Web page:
I just inspected my /var/lib/docker/volumes folder and discovered that is bursting with folders named as Docker UUIDs each of which contain a config.json file with contents along the lines of

{"ID":"UUID","Path":"/path/to/mounted/volume","IsBindMount":true,"Writable":true}

where

/path/to/mounted/volume

is the path to the folder on the host that was mounted on to a docker container with the -v switch at some point. I have such folders dating back to the start of my experiments with Docker, i.e. about 3 weeks ago.

The containers in question were stopped and docker rm'ed a long time ago so I cannot see that those entries are not past their sell-by date. This begs the question - is the left over I am seeing a bug or does one need to manually discard such entries from /var/lib/docker/volumes?

up vote 134 down vote accepted

For Docker 1.9 and up there's a native way:

List all orphaned volumes with

$ docker volume ls -qf dangling=true

Eliminate all of them with

$ docker volume rm $(docker volume ls -qf dangling=true)

  • 1
    My client prints each volume name on a new line, so this command only removes the first volume then treats each other volume as a command. I used sed to remove the newlines: docker volume rm $(docker volume ls -qf dangling=true | sed ':a;N;$!ba;s/\n/ /g') – emc Oct 18 '16 at 19:48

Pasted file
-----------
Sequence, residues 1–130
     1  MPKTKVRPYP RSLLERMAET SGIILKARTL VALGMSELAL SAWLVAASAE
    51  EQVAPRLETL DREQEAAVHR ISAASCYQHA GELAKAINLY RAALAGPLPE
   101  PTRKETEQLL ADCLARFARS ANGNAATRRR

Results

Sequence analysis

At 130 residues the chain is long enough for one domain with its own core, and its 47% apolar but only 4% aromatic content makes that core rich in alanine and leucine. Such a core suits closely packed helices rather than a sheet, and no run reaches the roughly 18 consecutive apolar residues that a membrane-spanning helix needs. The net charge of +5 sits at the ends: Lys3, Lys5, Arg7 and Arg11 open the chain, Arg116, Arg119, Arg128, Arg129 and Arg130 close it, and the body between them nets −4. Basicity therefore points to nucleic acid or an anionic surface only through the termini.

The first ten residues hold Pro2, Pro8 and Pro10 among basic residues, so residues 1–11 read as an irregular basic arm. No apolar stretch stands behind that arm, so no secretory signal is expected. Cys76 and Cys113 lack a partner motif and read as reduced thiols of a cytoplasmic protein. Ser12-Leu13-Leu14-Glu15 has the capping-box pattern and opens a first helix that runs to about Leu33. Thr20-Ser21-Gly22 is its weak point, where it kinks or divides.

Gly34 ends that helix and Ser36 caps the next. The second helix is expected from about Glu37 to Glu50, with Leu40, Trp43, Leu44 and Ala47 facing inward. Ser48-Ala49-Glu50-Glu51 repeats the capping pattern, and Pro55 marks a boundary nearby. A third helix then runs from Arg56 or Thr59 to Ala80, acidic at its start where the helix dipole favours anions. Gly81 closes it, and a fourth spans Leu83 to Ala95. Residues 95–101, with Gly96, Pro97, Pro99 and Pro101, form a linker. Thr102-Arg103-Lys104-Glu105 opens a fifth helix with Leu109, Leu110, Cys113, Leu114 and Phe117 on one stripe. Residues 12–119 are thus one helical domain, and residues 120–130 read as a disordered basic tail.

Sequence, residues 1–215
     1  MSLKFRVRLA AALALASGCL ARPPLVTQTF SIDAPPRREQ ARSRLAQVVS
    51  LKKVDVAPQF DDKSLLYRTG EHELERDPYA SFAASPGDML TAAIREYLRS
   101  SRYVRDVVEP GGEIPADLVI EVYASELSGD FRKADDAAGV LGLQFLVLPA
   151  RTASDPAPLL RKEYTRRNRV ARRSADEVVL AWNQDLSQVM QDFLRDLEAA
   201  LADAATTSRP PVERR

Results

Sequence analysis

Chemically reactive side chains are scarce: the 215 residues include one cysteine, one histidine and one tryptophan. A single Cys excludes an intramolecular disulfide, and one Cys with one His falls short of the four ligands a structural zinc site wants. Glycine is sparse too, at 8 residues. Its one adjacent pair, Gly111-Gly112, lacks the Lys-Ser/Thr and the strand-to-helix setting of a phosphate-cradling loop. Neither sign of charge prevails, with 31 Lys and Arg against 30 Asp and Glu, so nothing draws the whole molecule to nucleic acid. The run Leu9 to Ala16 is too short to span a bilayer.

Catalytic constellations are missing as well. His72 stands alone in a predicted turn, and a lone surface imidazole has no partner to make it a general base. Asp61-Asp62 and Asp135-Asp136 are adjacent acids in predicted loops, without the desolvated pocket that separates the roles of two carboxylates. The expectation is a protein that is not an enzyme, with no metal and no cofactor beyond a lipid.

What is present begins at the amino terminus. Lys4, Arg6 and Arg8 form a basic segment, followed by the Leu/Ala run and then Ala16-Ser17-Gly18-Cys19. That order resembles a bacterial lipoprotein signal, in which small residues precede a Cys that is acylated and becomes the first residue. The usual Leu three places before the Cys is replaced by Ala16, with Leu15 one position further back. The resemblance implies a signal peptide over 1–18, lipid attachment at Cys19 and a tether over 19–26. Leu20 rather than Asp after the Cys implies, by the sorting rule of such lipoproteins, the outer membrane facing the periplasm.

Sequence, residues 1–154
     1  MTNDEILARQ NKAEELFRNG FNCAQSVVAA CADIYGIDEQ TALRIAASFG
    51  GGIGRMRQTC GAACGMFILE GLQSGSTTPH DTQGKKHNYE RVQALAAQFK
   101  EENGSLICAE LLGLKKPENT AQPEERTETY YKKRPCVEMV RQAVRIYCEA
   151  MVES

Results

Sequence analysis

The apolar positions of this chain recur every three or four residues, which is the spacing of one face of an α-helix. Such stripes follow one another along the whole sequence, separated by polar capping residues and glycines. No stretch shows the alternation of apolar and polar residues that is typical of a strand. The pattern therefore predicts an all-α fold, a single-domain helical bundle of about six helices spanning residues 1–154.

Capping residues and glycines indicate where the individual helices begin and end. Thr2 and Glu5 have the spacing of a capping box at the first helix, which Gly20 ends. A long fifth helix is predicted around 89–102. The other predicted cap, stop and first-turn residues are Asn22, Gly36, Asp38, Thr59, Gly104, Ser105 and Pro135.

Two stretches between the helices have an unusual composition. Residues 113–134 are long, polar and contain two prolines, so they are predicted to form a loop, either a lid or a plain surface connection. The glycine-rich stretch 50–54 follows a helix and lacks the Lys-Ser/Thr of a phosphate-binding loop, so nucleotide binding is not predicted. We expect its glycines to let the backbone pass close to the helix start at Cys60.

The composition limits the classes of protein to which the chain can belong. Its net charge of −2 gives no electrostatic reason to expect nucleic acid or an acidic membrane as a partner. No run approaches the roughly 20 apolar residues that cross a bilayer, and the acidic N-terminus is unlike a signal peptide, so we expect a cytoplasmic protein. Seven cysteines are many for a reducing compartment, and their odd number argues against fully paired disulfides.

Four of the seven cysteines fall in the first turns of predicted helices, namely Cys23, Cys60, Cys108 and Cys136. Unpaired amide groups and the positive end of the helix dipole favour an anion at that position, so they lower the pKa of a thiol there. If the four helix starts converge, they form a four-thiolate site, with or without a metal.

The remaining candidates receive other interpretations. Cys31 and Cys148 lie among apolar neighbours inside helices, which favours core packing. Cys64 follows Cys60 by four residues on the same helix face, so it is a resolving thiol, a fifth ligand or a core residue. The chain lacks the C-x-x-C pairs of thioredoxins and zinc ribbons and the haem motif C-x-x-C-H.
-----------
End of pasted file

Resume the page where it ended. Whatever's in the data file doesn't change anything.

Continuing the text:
• @emc, for some, a for-loop may be more readable than using sed: for v in $(docker volume ls -qf dangling=true); do docker volume rm "$v"; done; – Kevin Nov 27 '16 at 19:55
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    @Kevin Xargs is pretty readable too: docker volume ls -qf 'dangling=true' | xargs docker volume rm – emc Nov 29 '16 at 21:10
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    ... and here's the equivalents for containers and images: docker ps -q --filter "status=exited" | xargs docker rm and docker images -qf 'dangling=true' | xargs docker rmi – emc Nov 29 '16 at 21:11

From the Docker user guide:

If you remove containers that mount volumes, including the initial dbdata container, or the subsequent containers db1 and db2, the volumes will not be deleted. To delete the volume from disk, you must explicitly call docker rm -v against the last container with a reference to the volume. This allows you to upgrade, or effectively migrate data volumes between containers. - source

This is intentional behavior to avoid accidental data loss. You can use a tool like docker-cleanup-volumes to clean out unused volumes.

  • 3
    Yup. Annoying, isn't it? I think we will get more tools for dealing with volumes soon. – Adrian Mouat Jan 7 '15 at 14:08
  • Particularly if you suddenly find your disk full, and are trying to get inside the docker native machine on a Mac. – Scott Smith Nov 13 '16 at 19:06

For Docker 1.13+ and the ce/ee 17+ release numbers, use the volume prune command

docker volume prune

Unlike the dangling=true query, this will not remove "remote" driver based volumes.

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